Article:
One thing that was really hard for me to understand while living here in Ukraine was why cars here are so expensive and why so many missionaries choose to have their cars imported all the way from America or other countries in Europe. This is the rule – every single missionary I know that has a car has had it brought over from America. Katya and I were the exception to this rule when we bought our Fiat Doblo in Ukraine, which you can see here at camp:
Unfortunately, that car turned out to be a lemon. EVERYTHING on it broke, from door handles, to battery clips, to the hood release, to the transmission, to the computer and the natural gas system (gasoline is terribly expensive here!), and finally to the engine failing.
I bought the car because several of my friends assured me that it was the very best thing I could get in our price point. At the time, we had about two and a half thousand dollars. We bought the Doblo for $3800, borrowing the rest of the money from the owner. Once the car was breaking down and no longer safe to drive, we sold it miraculously for $2800, after putting in about another $800-1000 or so in repairs.
What kind of car do we need?
We believe that the best thing for our family would be a small- to mid-sized SUV (ie. a Ford Escape or Nissan Rogue Sport), because of the ministry we do, the size of our family (Katya’s mom and sister included), and the condition of the roads in Ukraine. We also obviously want something reliable.
We live over an hour away from church by bus and want to minister in other cities. Aside from making ministry easier, having immediate transportation in a country that’s experiencing a war (you never know when you might need to flee to the border), and just helping family, we just want to be able to get out of the city once in a while. We’ve recently seen the need to “get away” more often for our own spiritual and emotional health.
Here’s a comparison of what you can get in Ukraine vs. America for the same price:
As y’all can probably see, the same car in Ukraine can cost up to about 30%-50% more, depending on the year and model. Also, because of the condition of the roads here and the general “car culture”, cars in America are usually in better condition, even when they are priced less.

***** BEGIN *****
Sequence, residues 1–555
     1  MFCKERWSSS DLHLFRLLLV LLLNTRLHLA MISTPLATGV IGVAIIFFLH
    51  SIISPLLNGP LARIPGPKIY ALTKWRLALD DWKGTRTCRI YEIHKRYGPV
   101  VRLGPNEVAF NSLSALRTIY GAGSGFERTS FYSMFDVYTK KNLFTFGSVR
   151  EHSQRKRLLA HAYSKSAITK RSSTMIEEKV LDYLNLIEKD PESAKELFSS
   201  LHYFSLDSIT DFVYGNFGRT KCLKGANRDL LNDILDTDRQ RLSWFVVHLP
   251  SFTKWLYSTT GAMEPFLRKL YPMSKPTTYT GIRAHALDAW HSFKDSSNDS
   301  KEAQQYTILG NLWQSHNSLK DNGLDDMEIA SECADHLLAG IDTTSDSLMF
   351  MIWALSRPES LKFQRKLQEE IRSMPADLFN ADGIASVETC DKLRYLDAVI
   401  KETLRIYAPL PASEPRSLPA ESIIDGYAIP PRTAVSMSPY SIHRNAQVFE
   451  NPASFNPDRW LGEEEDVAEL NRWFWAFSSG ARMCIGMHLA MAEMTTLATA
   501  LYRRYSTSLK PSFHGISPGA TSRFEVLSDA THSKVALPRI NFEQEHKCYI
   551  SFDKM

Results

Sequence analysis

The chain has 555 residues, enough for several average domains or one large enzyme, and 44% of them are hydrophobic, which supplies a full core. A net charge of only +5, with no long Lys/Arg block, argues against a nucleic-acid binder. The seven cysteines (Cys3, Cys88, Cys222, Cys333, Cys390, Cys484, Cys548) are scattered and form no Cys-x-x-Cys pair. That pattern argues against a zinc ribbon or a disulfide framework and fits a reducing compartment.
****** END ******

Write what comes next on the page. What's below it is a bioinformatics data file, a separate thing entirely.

Some of our friends here have found a way to “hack the system” with the car market. They buy salvaged cars at auction in America, ship them to Ukraine, register and repair them here (which is generally much cheaper than in America), and then sell them. This is one of the ways that we could get a car.
We have the $1200 from the stimulus money that everyone got earlier this year. That would be just about enough to have a car shipped from America to Ukraine. The rest that needs to be paid for is the cost of the car itself, any repairs that it will need, and registration. Oops… I forgot to talk about that.
Registering a car in Ukraine
Another thing about Ukraine that needs to be taken into account when talking about the cost of a car here is registration. That can be anywhere from several hundred to several thousand dollars, depending upon the year of the car, its emissions certification, and the size of its engine. The system is supposedly there to protect the environment, but it’s actually just turned into one more way that corrupt people in power extort the little guy. To get around these regulations, it’s best that the car you’re importing have the following:
- The size of the engine should be 3 litres or less
- The car should be newer than 2015
- The price of the car also affects the price of registration, but I’m not in the market to try to register an expensive car
- Lastly, electric cars get a discount
All of that to say, please pray about this. If you would like to help, please click here to contact us.
P.S. There are friends of ours that have recommended that we get a local, Chinese car, like a Geely. I’m still looking into that. However, even with that cheaper option ($4000-6000 vs. $8000-10000 for a Ford Escape), we cannot afford one that would be in any kind of good condition.